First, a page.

"Tu lucha es mi lucha," read several protest signs sprinkled throughout the ongoing nationwide protests confronting systemic racism and demanding justice for victims of police brutality, including George Floyd, Breonna Taylor, Tony McDade, David McAtee, and so many others. "Your struggle is my struggle."
Latinx pushes for equality in the United States have long overlapped with Black-led movements. It's important to point out that many of the socio-political strides that have benefited the Latinx community were hard-earned by Black leaders and activists. (The Civil Rights Act of 1964 and Immigration Act of 1965 are just a few examples.) At this critical crossroads, white Latinx have a duty to show support and stand in solidarity with Black Lives Matter.
Now is not the time for empty allyship. That has only gotten us so far in the past. Now is not the time to center white Latinx voices. There are Afro-Latinx who need to be heard. Now is not the time to compare struggles. Both communities undoubtedly face oppression, but anti-Black discrimination and oppression have been a shameful staple of this nation since its establishment. The fight to dismantle white supremacy has been fought for centuries. It is ongoing, and it demands our participation. Ahead, read about some of the ways white Latinx can show up for the Black community.
For starters, consider being physically present and joining one of the many demonstrations happening across the nation on a daily basis. As many have pointed out, these protests have been invaluable, leading to real change like the reduction of police funds, a move toward dismantling the Minneapolis Police Department, and the removal of various Confederate statues. For those unable to join a protest out of concern for their immigration status or the coronavirus pandemic, there are various ways to show support from home.
Colorism and anti-Blackness are unfortunately prevalent within the Latinx community. Colonialism and the sustainment of Eurocentric beauty standards are in part to blame, but it's on each individual to reject and call out anti-Blackness in its many manifestations, from overt discrimination to microaggressions and seemingly "harmless" jokes or slang.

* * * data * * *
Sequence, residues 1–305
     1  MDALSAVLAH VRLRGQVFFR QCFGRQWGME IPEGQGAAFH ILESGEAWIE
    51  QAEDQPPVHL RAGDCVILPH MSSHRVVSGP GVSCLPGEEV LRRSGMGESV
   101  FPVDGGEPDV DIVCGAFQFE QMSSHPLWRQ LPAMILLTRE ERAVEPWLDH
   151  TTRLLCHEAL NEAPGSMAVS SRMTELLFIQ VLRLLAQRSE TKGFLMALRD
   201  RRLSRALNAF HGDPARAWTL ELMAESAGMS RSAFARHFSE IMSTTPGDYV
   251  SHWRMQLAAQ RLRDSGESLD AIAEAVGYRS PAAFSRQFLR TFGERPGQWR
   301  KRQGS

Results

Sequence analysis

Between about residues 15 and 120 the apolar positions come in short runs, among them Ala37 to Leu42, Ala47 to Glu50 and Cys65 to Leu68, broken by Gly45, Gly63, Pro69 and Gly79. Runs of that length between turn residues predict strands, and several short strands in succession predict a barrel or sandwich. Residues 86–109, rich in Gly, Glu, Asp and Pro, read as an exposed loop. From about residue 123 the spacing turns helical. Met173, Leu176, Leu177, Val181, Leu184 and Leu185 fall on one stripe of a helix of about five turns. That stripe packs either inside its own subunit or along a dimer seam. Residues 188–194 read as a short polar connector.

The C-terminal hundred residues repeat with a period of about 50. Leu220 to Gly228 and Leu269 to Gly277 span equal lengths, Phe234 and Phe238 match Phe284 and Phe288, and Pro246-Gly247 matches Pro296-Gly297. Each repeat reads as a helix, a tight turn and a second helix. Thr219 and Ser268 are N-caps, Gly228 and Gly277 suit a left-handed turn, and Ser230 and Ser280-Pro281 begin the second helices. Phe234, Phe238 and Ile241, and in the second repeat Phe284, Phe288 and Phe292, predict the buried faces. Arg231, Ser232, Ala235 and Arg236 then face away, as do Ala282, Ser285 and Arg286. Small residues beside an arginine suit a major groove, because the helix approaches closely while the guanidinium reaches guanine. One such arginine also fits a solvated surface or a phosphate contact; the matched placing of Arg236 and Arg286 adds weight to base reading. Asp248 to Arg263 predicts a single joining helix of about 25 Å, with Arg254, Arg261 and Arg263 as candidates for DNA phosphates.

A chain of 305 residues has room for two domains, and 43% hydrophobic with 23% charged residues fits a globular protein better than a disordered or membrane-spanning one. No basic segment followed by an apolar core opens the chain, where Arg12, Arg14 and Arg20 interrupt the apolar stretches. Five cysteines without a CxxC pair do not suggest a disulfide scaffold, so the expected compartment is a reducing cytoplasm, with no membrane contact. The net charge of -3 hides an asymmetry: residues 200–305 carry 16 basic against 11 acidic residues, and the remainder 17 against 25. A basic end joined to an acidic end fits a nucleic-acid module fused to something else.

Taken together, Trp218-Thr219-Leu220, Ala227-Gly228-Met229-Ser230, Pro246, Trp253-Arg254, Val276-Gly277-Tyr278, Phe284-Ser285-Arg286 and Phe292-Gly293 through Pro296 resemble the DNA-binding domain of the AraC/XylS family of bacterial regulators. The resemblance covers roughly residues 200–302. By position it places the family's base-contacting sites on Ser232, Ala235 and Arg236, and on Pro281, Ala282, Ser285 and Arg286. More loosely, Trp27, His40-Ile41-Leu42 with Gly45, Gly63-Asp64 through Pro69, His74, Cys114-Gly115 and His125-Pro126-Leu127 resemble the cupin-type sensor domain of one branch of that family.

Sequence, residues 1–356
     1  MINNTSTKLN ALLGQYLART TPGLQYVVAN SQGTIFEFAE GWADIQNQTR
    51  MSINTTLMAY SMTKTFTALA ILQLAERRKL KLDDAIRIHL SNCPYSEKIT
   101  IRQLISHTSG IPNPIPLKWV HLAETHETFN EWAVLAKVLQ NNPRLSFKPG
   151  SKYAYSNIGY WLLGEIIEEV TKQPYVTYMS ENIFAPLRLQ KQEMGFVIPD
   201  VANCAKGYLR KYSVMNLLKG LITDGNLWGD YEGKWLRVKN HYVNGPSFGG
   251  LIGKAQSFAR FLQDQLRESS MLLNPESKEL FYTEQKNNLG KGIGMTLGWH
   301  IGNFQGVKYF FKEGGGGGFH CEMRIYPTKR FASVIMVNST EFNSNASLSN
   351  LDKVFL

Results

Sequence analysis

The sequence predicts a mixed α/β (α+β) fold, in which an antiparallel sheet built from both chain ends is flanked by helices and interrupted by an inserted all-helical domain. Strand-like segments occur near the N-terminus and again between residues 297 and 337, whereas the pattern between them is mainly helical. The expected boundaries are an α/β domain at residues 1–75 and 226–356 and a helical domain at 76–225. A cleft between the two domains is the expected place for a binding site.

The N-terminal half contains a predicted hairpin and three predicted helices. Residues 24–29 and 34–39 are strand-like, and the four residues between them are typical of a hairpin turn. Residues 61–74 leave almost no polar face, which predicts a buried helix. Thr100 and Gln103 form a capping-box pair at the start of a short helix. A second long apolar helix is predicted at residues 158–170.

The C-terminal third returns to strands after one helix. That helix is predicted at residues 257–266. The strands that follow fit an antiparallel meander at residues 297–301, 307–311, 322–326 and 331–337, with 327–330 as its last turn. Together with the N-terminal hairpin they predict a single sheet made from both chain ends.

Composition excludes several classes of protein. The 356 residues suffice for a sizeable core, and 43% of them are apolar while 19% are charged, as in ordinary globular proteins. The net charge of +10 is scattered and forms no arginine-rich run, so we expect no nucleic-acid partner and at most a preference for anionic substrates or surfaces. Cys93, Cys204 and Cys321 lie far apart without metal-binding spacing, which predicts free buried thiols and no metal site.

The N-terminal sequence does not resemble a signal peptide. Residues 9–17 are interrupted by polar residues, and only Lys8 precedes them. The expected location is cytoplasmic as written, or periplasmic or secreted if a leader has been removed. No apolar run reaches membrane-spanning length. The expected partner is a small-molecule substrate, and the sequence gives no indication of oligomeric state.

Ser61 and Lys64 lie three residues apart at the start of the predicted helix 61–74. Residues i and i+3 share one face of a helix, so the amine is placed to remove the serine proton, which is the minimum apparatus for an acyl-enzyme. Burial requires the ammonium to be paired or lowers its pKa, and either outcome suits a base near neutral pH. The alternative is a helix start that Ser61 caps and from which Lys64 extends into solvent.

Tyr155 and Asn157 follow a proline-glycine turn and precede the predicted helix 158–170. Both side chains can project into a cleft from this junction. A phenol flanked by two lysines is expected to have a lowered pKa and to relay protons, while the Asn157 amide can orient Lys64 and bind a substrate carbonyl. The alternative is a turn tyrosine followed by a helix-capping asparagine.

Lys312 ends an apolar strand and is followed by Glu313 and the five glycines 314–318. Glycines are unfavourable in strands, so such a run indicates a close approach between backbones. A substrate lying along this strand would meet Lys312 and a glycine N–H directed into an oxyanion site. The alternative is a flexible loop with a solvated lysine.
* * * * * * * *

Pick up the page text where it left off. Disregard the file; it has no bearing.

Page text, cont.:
So, next time you hear someone drop a phrase like "mejorar la raza" — even in jest — be prepared to have a conversation. Literary resources like Black in Latin America and The Afro-Latin@ Reader are helpful recommendations for those who might need more information or historical context. Self-reflection is also key, and it's important to take some time to do an honest assessment of your own past remarks, judgments, or instances of cultural appropriation so that the same missteps are not repeated.
Engage With Friends and Family Members
Though a similar action item, it's one worth explicitly mentioning: engage with your family and friends about these current events. Talk to your abuela who might not understand the Black Lives Matter movement. Talk to your primos who might be apathetic or politically disengaged. Talk to your friends about potentially attending a protest or circulating a petition.
Whereas social media offers a space to disseminate resources with like-minded followers, it's also important to have those difficult one-on-one conversations with loved ones who may share different beliefs. If there's a language barrier or you're missing some of the relevant Spanish terminology, refer to this helpful vocabulary guide put together by Angie Esparza.
As you thoughtfully and productively engage with others — perhaps with more regularity — enlightening one's own self and establishing that foundational knowledge is also essential. Various documentaries and books about systemic and interpersonal racism offer a starting point, but to learn more specifically about the shared histories between Black and Latinx communities in the United States, check out An African American and Latinx History of the United States, Neither Enemies Nor Friends, and The Young Lords.
Fill Your Feed With Intersectional Groups and Resource Hubs
First and foremost, turn to Black-led activist groups or your local Black Lives Matter chapter to remain up to date on nearby demonstrations, relevant civic meetings, and other action items. In addition, consider following and supporting intersectional activist groups, coalitions, and resources like AfroResistance, Gran Varones, Mijente, Latina Rebels, Ain't I Latina?, I Got Your Black, and Blactina Media, to name a few.